Future of Work: With the rise of AI and machine learning, many of us are rightly worrying about career stability. But what will the office of the future look like?
With the way we work changing with future technology, the future of office design is likely to alter too. Trends over the past 50 years have moved towards open-plan designs, with their perceived higher efficiency.
But with remote jobs, freelance jobs and agency work becoming the norm, companies will need to promote changeable, agile design to harmonise with modern business models.
The lines between home and work life are blurring. Old office space designs are already being set aside in favour of holistic, adaptable offices. Workspaces like WeWork, Vrumi and Soho Works encourage companies from freelancers, to corporates, to start-ups to collaborate in a shared space.
Office buildings of the future are in some ways already with us. But are there any other changes we’re likely to see soon?
The physical office of the future
Collaboration and ethical design
Over the years office space has been moving away from rigid, separate cell office design, towards a more open-plan model. Whilst this is to some extent still the case, research shows that open-floor workplaces disrupt morale.
Because of this, shared working platforms like WeWork, and cutting edge offices combine open shared space with collaborative breakout areas, and soundproofed pods for sole concentration. Office plans will have to be flexible so that they can easily adapt to trends.
It’s not the just the architectural space either. The visual design, furnishings, fixtures and fittings will change too. As we spend over 60% of our time at work, space will, and is becoming more welcoming and homelike.
From movable screens, adjustable desks, to soft furnishings in breakout areas, design will need to combine flexibility with comfort and brightness. With more and more people working irregular hours, having home comforts close at hand will be a key strategy for creating a productive, happy workforce.
The virtual office of the future
Will technology make the future office more virtual?
The office space as we know it is changing. A virtual workplace is becoming more of a reality every day. With artificial intelligence, AR and VR starting to have more of an influence in day-to-day life, this movement will increasingly migrate over to workspaces.
Twenty years ago the idea of virtual reality meetings may have seemed like something from a bad sci-fi film. But today we have the technology to make it happen.
VR headsets are already beginning to be used by start-ups and progressive companies. Whilst their potential hasn’t yet been fulfilled, once we’ve become more accustomed to using the technology, it will become an ever-present part of the office suite.
In five years we could all be sat around the meeting room in headsets speaking to holograms from across the globe. One would imagine that this will drive work efficiency. Global decisions become much easier when we can correspond with our colleagues in person — however virtual that may be.
The remote office of the future
Will the future office be an office at all?
The gig economy has become a bit of a buzz-phrase over the past few years — and for good reason. According to the Association of Independent Professionals and the Self Employed, between 2008 and 2016 the number of freelancers in the UK increased by 43% — with 2 million workers in the UK working freelance.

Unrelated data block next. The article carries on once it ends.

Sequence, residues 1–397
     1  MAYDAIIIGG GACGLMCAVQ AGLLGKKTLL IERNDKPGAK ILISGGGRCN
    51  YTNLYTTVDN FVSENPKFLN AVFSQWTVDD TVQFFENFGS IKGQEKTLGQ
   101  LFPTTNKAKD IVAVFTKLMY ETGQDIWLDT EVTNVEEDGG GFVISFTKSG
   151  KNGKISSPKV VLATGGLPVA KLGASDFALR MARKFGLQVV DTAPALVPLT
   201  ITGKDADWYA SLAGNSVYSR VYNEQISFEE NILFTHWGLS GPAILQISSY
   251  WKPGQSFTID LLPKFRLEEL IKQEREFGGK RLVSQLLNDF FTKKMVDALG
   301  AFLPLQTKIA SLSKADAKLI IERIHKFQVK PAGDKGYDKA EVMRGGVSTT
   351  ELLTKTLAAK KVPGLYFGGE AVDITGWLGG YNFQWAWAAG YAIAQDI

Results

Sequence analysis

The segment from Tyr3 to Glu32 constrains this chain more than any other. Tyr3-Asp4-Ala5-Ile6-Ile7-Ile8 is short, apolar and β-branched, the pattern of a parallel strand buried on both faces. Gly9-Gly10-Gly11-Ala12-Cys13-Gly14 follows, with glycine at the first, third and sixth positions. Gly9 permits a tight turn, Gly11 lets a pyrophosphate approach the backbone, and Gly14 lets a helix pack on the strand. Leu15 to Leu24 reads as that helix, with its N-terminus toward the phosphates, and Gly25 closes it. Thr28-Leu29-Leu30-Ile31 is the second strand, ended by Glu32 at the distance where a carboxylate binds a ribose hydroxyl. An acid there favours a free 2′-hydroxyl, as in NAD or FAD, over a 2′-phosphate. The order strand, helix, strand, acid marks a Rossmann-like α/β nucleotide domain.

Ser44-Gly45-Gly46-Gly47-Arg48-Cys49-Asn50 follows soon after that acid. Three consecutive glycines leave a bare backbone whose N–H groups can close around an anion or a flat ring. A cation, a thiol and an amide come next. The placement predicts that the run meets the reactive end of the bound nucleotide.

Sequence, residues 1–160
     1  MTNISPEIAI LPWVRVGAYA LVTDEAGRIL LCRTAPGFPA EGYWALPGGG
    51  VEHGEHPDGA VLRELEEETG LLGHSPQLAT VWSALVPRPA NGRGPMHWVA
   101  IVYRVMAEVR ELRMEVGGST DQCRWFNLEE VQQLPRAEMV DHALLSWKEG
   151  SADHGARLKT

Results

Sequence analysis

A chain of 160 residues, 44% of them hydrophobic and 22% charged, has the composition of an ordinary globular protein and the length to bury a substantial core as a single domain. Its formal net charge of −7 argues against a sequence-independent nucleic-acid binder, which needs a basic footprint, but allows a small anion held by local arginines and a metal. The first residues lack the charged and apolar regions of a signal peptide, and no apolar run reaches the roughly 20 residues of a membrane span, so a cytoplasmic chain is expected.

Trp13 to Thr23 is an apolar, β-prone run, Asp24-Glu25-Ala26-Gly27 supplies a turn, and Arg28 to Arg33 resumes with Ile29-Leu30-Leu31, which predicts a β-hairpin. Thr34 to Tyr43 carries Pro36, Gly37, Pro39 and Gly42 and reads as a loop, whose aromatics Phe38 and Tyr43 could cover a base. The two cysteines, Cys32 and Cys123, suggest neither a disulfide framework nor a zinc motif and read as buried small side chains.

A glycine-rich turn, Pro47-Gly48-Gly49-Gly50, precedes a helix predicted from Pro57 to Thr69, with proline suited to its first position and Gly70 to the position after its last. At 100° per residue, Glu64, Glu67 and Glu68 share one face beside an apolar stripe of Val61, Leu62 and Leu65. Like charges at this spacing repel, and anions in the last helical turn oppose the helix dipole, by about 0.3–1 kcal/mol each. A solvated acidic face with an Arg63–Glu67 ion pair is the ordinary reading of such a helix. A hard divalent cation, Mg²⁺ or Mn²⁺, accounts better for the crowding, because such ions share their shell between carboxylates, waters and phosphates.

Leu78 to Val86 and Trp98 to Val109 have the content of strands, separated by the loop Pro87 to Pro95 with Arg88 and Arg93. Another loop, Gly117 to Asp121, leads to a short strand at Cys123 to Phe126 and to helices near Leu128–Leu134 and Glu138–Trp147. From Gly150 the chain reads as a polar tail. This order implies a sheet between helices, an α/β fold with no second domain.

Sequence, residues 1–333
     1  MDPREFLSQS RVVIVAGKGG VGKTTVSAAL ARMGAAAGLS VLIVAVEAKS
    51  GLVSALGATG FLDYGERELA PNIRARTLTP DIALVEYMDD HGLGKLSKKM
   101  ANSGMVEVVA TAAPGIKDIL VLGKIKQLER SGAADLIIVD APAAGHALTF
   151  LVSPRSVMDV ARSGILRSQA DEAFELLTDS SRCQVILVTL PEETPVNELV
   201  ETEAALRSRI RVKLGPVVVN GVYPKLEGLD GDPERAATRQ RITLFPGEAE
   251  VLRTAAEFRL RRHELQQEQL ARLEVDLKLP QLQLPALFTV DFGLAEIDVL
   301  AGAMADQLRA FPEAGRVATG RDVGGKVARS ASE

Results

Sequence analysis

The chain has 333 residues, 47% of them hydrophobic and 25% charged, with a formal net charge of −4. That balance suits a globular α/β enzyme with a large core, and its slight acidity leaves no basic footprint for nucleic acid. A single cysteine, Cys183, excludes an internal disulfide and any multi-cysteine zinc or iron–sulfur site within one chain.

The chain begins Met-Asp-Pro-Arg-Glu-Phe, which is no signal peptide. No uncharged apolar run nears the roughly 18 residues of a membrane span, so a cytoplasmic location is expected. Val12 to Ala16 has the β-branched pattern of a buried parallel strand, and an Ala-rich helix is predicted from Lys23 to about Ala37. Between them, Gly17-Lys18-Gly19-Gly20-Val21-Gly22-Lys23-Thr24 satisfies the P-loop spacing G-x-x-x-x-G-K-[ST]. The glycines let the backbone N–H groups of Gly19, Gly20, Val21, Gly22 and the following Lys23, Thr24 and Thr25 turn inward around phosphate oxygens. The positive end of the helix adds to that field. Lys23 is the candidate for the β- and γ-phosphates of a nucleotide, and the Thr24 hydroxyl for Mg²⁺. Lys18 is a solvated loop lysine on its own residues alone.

Workers are spending less time sat in a conventional workspace. So what will the office look like when we’re going to have less people working there?
The rise of remote workers has already led to the meteoric rise of communal workspaces. Companies like WeWork, as previously discussed, have grown massively due to the trend. And the growth is only likely to increase further with more people choosing to work freelance.
The remote office won’t just be MacBooks in coffee shops. It will be workers from different backgrounds collaborating in a shared working environment where creativity and new ideas can blossom.
A more collaborative future for all
Workers driving change
With so many workers migrating towards remote jobs and freelance jobs, the power balance within the office job is set to change. Employers will need to take into account the situation in which fewer workers will be tied to a single office. Many companies will choose to move operations to shared workspaces. This is primarily because they offer the flexibility needed for a forward-thinking organisation.
Beyond this change in power balance, design will need to incorporate the needs of flexible working arrangements. The 9-5 is already a thing of the past for most companies. So office spaces will need to cater for those starting at 5am, and this finishing at 11pm too.
Our shared workspace will have to become places that we actively want to spend time in — with soft furnishings, high-quality eating facilities, and places for collaborative entertainment. Places like this already exist, but they are likely to become ever-more present.
Another aspect is that collaboration will break the boundaries of sectors. In one shared office space you could have an AI developer for a pharmaceutical company collaborating on a project with a digital marketer for a high-growth fintech start-up. This can only be a positive for companies.
We are working towards a future of high-growth collaborative work. Not only will it drive the future of office design, it will also drive significant changes to the world of work. From HR, to recruitment, to marine biology, we are moving towards a bright, more mobile future.